“After working with him all we knew was winning races,” Rocco said. “I learned a lot of good things from him. I learned a lot of things that probably – how can I say it – that other competitors don’t like on the racetrack.”

“When I started racing SK [Modifieds] there was nobody I wanted to beat more than Ted. After working with him for so many years and knowing that he was the best of the best, there was nobody I wanted to beat more than him. The nights that I did it was always pretty special. As much as I’m sure he didn’t like to get beat, I think he was pretty proud when I did beat him.”

Rocco is now the all-time winningest driver at the New London-Waterford Speebdowl and a multi-time SK Modified champion at all three Connecticut tracks.

And while the fierce rivalry off the track sometimes boiled over into anger, the two remained close off the track.

“People don’t know Ted off the track,” Rocco said. “They know him on the track. He’s a different guy off the track than he was on the track. Nobody really got to know that side. I don’t think people really knew that side of Ted.”

Rocco said stops at Christopher’s shop in Plainville, or the house he was building, just for visits, were many. Sunday he joked about a delivery he made one day before the start of the 2017 racing season. Christopher’s love of ice cream was well known throughout racing.

“Over the offseason, me and my wife went to get lunch and I knew he was building his house at the time,” Rocco said. “We were getting ready to get our bill and I asked them if I could get a bowl of ice cream, to go. They were like ‘Yeah, I guess so.’ I went over to his house and we brought him over some ice cream and we were just laughing about it. He was just so proud of that house he was building. And the guy would give you the shirt off his back.”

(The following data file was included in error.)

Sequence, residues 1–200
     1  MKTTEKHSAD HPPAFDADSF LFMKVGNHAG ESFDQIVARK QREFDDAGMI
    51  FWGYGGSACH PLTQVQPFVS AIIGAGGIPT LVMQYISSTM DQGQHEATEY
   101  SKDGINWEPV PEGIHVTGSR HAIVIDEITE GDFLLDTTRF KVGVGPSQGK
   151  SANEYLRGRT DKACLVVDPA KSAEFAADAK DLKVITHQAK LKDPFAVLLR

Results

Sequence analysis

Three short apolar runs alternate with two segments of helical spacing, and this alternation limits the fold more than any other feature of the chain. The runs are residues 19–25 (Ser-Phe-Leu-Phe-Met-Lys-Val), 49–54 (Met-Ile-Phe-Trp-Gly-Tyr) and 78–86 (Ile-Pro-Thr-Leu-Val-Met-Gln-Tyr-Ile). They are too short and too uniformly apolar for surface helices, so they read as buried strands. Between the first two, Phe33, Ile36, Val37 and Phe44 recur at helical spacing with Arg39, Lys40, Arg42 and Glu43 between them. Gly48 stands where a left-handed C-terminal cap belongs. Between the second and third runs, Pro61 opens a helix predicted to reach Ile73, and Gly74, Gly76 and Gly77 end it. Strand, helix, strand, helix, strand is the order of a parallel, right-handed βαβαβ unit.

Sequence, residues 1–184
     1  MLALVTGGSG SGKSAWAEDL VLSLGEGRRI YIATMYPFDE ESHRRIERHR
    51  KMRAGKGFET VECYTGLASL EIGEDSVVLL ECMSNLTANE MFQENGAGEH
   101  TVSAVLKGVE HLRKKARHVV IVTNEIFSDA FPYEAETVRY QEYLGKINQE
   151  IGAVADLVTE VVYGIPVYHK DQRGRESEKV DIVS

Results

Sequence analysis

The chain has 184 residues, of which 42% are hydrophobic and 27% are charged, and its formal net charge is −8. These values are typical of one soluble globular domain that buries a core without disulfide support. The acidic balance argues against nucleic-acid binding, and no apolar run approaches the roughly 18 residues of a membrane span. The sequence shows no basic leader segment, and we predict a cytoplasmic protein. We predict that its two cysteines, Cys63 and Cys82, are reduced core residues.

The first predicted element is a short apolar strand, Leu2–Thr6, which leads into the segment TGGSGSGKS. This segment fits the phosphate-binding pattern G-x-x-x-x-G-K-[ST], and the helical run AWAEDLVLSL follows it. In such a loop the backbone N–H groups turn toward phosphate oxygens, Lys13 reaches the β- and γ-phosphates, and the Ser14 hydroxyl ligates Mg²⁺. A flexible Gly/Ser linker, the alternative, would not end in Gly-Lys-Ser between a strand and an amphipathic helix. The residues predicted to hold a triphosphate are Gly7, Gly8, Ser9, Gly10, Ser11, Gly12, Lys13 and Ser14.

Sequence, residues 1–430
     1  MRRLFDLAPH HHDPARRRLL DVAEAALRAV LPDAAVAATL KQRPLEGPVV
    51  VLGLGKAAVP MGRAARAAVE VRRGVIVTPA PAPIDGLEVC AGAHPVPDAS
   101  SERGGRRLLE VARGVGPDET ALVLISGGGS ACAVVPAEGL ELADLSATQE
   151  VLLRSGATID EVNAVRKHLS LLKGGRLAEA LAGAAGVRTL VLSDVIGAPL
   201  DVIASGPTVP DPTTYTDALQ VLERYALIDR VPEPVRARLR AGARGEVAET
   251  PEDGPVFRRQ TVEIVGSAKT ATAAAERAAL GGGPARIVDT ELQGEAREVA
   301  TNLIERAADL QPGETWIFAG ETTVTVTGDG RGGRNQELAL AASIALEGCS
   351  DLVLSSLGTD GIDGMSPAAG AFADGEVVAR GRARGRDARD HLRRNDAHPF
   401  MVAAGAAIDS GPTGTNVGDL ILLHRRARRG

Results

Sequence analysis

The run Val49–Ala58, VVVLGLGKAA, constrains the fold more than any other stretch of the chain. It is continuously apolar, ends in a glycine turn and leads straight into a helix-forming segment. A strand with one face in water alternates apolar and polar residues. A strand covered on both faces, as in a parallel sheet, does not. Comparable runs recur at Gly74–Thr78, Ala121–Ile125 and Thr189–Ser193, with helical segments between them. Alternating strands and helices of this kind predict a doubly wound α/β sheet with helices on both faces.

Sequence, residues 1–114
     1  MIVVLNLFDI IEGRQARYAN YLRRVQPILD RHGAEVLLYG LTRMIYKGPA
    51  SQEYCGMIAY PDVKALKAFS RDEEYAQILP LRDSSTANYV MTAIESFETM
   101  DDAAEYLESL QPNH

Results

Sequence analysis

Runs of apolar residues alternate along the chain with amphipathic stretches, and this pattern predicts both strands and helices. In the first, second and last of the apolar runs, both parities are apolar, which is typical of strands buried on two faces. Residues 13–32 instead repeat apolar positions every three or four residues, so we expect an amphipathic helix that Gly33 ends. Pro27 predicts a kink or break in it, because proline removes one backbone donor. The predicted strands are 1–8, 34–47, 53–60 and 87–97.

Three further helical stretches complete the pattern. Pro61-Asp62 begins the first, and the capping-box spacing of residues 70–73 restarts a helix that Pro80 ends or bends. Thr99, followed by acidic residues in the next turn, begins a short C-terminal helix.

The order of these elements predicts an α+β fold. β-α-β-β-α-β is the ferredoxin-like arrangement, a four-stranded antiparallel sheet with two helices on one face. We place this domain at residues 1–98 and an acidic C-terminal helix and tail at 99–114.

Comments

  1. Dolla Dolla $$$$ says

    Hands down best of the best these two… nobody had more respect for teddy then Keith…

  2. Ted took my sons Jeff and Keith under his wings and am so happy they learned from one of the best. RIP TED

  3. A class act remembering a legend …

  4. Stuart Fearn says

    Well said Keith. Especially the part about when you beat him you are most proud.
    We used to race against him weekly in the prostock at Stafford and when we beat him that was a real win. When he wasn’t there for some reason the win was just a win and everyone inside knew it was less of an accomplishment because you didn’t have to beat the King that night.
    Thank you for sharing Keith

  5. He belongs in the NASCAR Hall of Fame, he was the best of his generation.

  6. Two great drivers who loved to beat each other. The real winners? The racing fans who got to witness these epic battles.

  7. Great story. You never know these things until something like this happens. Most people just know what they see on the track.

  8. To me, you can equate, in many ways, Ted to the late Dale Earnhardt. They both won in about any car they drove,were much larger than life to their fans, and class acts off the track. As the dominant drivers in their areas of the sport, we will never see the likes of them again. Both are great losses to the sport we all love and will be missed forever